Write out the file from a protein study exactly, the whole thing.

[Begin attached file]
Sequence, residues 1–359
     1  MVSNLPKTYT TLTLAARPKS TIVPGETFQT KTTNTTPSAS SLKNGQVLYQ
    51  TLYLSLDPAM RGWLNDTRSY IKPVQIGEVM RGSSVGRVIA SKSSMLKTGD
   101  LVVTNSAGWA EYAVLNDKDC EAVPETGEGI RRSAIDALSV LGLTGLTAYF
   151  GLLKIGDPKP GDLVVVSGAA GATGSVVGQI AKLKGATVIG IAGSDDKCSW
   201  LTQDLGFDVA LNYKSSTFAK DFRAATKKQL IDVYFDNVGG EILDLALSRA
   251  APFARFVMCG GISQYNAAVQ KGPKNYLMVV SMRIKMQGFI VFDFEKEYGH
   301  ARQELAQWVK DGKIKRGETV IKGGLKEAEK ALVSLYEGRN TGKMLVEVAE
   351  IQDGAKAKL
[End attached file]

Sequence, residues 1–359
     1  MVSNLPKTYT TLTLAARPKS TIVPGETFQT KTTNTTPSAS SLKNGQVLYQ
    51  TLYLSLDPAM RGWLNDTRSY IKPVQIGEVM RGSSVGRVIA SKSSMLKTGD
   101  LVVTNSAGWA EYAVLNDKDC EAVPETGEGI RRSAIDALSV LGLTGLTAYF
   151  GLLKIGDPKP GDLVVVSGAA GATGSVVGQI AKLKGATVIG IAGSDDKCSW
   201  LTQDLGFDVA LNYKSSTFAK DFRAATKKQL IDVYFDNVGG EILDLALSRA
   251  APFARFVMCG GISQYNAAVQ KGPKNYLMVV SMRIKMQGFI VFDFEKEYGH
   301  ARQELAQWVK DGKIKRGETV IKGGLKEAEK ALVSLYEGRN TGKMLVEVAE
   351  IQDGAKAKL